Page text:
Quick Guide to Proper Funeral Viewing and Service Etiquette

Paying last respects to a dearly departed is an honoured tradition. It also serves to express condolences to the deceased’s family. Yes, death is part of life, but the ceremonies and rituals surrounding it can be pretty confusing to some people. There may be some subtle differences depending on the family’s religious affiliation and cultural background, but what’s important is that you will show respect and express your solidarity during their time of loss.

Organising a suitable viewing, wake, or memorial service can be difficult for people in the mourning stage. It will be best to work with experts in the field as they’re trained to handle various requests and instances. In addition, they can easily help grieving family members take care of multiple concerns. If you wish to work with the best in the industry, you can coordinate with funeral directors Leeds, who can provide exceptional service.

Here is a guide to proper viewing and service etiquette.

Wear conservative attire

One rule of thumb when visiting, viewing or participating in a memorial service is to wear conservative attire. Wear something comfortable in muted or plain colours. Try to avoid loud patterns or vibrant fabric colours and styles. Comfortable shoes or sandals should also be the norm. Avoid wearing high heels and other extravagant shoes that might divert other people’s attention.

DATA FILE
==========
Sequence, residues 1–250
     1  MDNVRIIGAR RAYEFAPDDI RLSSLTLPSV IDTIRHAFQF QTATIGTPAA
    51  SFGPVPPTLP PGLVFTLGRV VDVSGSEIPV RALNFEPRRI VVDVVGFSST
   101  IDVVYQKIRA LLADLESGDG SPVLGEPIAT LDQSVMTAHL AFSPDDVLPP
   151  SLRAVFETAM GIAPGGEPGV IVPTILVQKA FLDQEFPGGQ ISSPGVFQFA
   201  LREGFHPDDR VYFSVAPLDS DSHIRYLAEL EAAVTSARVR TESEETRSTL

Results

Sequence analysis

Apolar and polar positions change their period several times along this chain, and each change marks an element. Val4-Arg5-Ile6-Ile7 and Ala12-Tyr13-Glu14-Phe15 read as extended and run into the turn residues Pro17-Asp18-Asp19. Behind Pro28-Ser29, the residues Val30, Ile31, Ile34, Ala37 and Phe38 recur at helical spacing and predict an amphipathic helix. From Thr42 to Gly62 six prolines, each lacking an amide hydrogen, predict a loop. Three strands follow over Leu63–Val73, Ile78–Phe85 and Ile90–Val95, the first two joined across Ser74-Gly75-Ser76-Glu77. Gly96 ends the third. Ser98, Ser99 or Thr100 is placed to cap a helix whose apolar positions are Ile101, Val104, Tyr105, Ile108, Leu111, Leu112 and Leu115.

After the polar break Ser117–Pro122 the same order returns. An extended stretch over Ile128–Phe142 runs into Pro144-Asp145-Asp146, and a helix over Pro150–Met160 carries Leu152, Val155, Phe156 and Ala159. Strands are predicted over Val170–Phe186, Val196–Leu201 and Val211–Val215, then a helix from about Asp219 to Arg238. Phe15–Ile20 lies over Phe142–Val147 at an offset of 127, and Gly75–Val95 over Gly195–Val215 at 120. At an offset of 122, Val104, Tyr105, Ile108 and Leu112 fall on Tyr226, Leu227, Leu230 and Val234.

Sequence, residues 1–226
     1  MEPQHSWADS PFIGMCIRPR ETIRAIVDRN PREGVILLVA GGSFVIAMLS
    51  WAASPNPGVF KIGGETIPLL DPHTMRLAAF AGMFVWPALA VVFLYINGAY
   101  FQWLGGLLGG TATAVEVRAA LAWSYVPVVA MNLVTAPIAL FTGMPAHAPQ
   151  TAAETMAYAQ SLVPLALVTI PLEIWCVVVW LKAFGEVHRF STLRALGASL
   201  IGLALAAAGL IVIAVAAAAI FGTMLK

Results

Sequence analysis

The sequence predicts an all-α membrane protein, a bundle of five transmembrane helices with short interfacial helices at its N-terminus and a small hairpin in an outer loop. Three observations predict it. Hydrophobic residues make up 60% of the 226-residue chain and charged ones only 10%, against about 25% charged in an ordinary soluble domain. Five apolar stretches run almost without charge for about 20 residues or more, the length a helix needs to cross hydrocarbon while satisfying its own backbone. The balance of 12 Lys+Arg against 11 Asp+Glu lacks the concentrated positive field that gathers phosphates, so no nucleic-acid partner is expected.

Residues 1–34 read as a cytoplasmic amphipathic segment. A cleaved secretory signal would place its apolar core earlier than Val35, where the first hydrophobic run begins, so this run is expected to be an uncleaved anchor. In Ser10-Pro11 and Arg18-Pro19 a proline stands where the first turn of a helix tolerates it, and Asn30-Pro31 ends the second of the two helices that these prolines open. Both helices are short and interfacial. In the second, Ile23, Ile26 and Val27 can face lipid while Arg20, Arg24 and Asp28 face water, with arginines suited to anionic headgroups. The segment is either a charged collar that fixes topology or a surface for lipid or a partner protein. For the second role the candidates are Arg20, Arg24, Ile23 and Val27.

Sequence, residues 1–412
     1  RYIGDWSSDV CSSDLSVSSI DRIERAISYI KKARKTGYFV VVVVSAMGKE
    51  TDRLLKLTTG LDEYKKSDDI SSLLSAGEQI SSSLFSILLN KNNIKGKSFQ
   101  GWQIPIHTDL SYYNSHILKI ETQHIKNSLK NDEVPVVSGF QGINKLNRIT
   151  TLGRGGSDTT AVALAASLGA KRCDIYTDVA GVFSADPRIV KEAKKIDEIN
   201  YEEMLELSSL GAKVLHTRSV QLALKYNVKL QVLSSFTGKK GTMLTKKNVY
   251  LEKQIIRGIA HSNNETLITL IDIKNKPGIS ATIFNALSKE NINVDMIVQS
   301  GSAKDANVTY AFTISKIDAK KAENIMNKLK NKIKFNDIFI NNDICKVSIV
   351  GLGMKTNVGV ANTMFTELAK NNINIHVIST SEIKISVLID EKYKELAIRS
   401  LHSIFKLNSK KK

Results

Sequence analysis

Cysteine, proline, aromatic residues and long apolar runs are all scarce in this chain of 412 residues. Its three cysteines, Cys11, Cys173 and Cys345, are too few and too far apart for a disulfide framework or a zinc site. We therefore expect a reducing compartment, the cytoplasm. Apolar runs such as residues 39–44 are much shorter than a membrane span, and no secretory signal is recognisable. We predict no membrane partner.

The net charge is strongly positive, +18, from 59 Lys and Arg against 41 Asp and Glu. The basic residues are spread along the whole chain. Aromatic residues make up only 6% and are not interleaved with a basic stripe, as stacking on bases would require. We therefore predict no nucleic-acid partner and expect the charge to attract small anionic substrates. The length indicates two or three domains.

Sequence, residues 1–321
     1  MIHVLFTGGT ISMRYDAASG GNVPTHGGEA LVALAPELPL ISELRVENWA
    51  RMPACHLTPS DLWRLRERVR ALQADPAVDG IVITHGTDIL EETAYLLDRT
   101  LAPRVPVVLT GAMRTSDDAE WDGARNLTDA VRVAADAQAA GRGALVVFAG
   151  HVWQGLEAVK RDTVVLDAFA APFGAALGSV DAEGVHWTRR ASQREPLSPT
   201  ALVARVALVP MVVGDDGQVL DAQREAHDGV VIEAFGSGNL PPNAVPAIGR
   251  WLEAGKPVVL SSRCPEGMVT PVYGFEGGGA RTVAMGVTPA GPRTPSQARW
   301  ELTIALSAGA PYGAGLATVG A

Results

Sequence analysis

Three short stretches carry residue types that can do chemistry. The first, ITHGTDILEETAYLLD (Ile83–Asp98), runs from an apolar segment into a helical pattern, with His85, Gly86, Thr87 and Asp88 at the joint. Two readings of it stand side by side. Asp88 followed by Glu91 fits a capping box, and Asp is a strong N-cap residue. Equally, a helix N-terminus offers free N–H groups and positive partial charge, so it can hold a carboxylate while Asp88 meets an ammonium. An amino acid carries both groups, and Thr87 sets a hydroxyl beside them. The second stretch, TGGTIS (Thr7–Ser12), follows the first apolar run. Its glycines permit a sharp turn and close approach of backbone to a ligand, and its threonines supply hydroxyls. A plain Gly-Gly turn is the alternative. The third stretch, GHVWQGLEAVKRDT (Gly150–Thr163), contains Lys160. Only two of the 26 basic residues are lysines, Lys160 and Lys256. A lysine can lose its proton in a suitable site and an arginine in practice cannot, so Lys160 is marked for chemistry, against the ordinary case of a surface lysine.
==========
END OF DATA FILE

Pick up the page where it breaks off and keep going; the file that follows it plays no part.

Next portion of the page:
Length of stay

The length of your stay should depend on the number of people present and your familiarity with the deceased. Typically, it is acceptable to stay anywhere from 15 minutes to an hour to express your condolences to the family. Remember not to rush the persons in front of you who are paying their last respects to the deceased.

Messages

Don’t force your way into the head of the line if there are many people when you arrive. Instead, wait for your turn to express your sincerest condolences to the bereaved family, or you could leave a message card.

If you’re one of the eulogy speakers, one of the main things you must remember is speaking about the deceased candidly. Talk about the great memories you shared, how they meant to you and how they impacted your life. Don’t make it about you but make it a showcase of great memories about the deceased.

Mobile phones 

Whether you’re attending a wake, visiting, or participating in a memorial service, remember to turn your mobile phones to silent or vibrate mode. Keep your phone inside your pocket unless you have to take the call or respond to the message. It is a subtle show of respect for the family.

Gifts

Some people bring gifts to a memorial service, a viewing, or a wake. That’s an acceptable practice, especially if you bring food to help tide visitors during their stay. Flowers, mass cards, pictures and other mementoes also work. But the family appreciates the time you spent consoling them on their loss.

Endnote

Mourning the loss of a beloved family member, friend or acquaintance is challenging. Observing proper etiquette will also console the family during this time of loss.

 

 

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